Best Life: Interview with Playwright Melisa Tien

Best Life
“Best Life” is a play by Melisa Tien that is playing at Brooklyn’s JACK Theater from March 21 to April 5, 2020. Melisa is a resident playwright at New Dramatists.

“Best Life” is a play by Melisa Tien that is playing at Brooklyn’s JACK Theater from March 21 to April 5, 2020. Melisa is a resident playwright at New Dramatists.

“Best Life” is a dark comedy about two women; Lourdes is a poor woman of color with the power to rewind time by five minutes. Sheryl is a kind wealthy white woman. After meeting in a cafe, Lourdes starts talking to Sheryl and continuously rewinds time in order to make the conversation deeper and deeper.  Before long, the pressures of history, social guilt, and well-meaning yet misguided intentions creep their way into the exchange.

Playwright Melisa Tien recently discussed this play via an exclusive interview.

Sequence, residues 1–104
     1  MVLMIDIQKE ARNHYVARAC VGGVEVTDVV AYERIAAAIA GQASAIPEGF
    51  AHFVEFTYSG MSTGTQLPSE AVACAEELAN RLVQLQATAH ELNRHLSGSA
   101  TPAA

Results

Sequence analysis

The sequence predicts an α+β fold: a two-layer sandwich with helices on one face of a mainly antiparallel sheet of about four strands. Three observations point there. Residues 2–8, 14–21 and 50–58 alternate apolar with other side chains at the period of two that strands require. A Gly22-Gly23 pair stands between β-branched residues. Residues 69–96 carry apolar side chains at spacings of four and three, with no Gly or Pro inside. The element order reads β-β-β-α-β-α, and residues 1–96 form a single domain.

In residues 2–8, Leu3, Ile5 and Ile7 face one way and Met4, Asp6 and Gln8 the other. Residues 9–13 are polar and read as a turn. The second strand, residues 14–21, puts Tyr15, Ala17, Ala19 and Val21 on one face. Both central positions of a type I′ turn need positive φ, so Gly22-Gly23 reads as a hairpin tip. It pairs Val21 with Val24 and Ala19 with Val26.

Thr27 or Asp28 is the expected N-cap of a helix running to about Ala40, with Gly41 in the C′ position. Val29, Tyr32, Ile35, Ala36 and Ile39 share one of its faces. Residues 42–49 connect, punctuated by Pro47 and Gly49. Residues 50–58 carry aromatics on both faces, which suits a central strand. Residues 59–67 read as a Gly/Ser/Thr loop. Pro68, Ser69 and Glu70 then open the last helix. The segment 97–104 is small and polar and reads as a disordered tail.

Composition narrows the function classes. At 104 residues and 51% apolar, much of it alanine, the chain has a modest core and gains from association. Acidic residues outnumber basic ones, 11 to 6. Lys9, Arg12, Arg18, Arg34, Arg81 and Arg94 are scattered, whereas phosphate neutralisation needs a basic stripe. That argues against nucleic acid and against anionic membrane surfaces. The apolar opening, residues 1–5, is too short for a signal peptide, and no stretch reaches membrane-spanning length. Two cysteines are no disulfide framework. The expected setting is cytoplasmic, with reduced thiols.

Meagan Meehan (MM): How did you discover your love for the arts and why do you gravitate towards the theater?

Melisa Tien (MT): I really enjoyed getting immersed in other worlds as a kid–I still do–and would often read books while I was walking to school. I also watched a lot of films made in countries outside the U.S.– the weirder, the better. I tried for a few years to write prose and poetry, and then in high school I chose a performing arts concentration in order to avoid the other two more intimidating math/science and medical concentrations. I didn’t know a lot about theater at this point, and was excited about the dual-attention proposal of live performance–that art was occurring and being received in real time.  I think I’ve been enamored with this dynamic ever since.

MM: How did you become a New Dramatist resident playwright and what does that entail?